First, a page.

Several things occurred on Tu b’Av, as recounted by the Talmud. Firstly, the deaths of the desert ceased, as it’s related that as the generation that left slavery in Egypt knew they would die in the desert as punishment for their misplaced trust in the ten spies who brought back a bad report of the land, they dug their own graves on Tisha b’Av. They would wait to die until they would see the full moon on Tu b’Av and know with certainty that Tisha b’Av had passed and that they had another year of life.
Secondly, the tribes were granted permission to intermarry between one another. Until that point, the tribes were not yet fully settled to avoid territory disputes, as there were women who owned land. On Tu b’Av, the tribes united, and there was hope for a real solidarity among Israel.
Thirdly, the tribe of Benjamin regained its status. After the episode of the concubine attacked in Benjamin’s region, the rest of the tribes had declared war on Benjamin, nearly wiping them out, and swore to not allow their daughters to marry them. On Tu B’Av, the tribes realized their mistake in pushing their brother tribe to extinction and sent their daughters to dance in the vineyards and be taken by suitors from Benjamin, to allow for their rebuilding.
Fourthly, the old wood was cleared from the Beis Hamikdash on this date and there was a break from cutting more trees down, which during the time of the Second Temple era presented the possibility of potentially discovering the ark that had, according to tradition, been buried in the Temple Mount before the Babylonian conquest. According to Rabeinu Gershom, since there was less work that day there was more time to study Torah- for delving into, dissecting, and furthering the development of Jewish civilization.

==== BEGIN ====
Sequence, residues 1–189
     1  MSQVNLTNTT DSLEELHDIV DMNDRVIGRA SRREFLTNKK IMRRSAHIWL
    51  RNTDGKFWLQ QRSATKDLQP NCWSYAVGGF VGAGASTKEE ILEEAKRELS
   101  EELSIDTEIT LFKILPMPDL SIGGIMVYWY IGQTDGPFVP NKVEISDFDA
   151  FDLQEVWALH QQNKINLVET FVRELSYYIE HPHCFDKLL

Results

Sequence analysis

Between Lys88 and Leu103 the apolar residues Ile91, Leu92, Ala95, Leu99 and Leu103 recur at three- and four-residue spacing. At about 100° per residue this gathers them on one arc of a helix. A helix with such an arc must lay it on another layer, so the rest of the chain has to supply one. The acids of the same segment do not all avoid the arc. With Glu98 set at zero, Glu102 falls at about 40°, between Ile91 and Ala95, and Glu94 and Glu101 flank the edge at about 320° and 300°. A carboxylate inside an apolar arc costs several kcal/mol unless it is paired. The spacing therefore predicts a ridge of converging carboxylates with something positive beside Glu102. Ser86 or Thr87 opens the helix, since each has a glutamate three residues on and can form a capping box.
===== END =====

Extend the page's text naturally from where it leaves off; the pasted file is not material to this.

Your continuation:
Fifth, the guards preventing the tribes residing in the territory of the Kingdom of Israel from visiting the Temple of Jerusalem, which lay in the jurisdiction of the Kingdom of Judah, were removed on Tu b’Av for the first time since the initial splitting of the kingdom. This was shortly before the Assyrian conquest, and it was a chance for unity that was unfortunately not taken advantage of. Lastly, the fighters of Beitar in Bar Kochva’s army were allowed to be buried, which restored some dignity in a time of defeat and degradation.
On Tu b’Av, there was no “v’nahafoch hu” as we have on Purim, no sudden relief of the turning of tables. There was no spectacular, dazzling victory as in Chanuka. There is no drama, no glory, no wonders or miracles. Simply moments of consolation. Quiet after a storm, a small light at the end of a long tunnel. A calm dream after a series of nightmares. Coming home after a hard day. This, in essence, is love, in a complicated, sometimes frustrating and even confusing, but intensely strong relationship. All this, of course, is also a reminder to us to love one another.
Jewry is flourishing like never before on every front: with all the division, in the most critical of moments- or even at any given night of slichos at the Wall- the unity is unbreakable. We have kept our memories, our identity vibrantly, our dignity is restored, and so has been our independence. We have more support for each other than ever, overall less susceptible to foreign and even internal attempts to tear us apart. We learn more Torah and have built more yeshivos than any generation. Toras Eretz Yisrael and the Torah of the Diaspora are thriving. The sun is breaking through the horizon, and with it endless opportunities. But as Tu b’Av also serves to teach us, opportunities need to be taken advantage of. They require work and dedication, and so do relationships. The proximity of Tisha b’Av and Tu b’Av, of calamity and of consolation, is no coincidence.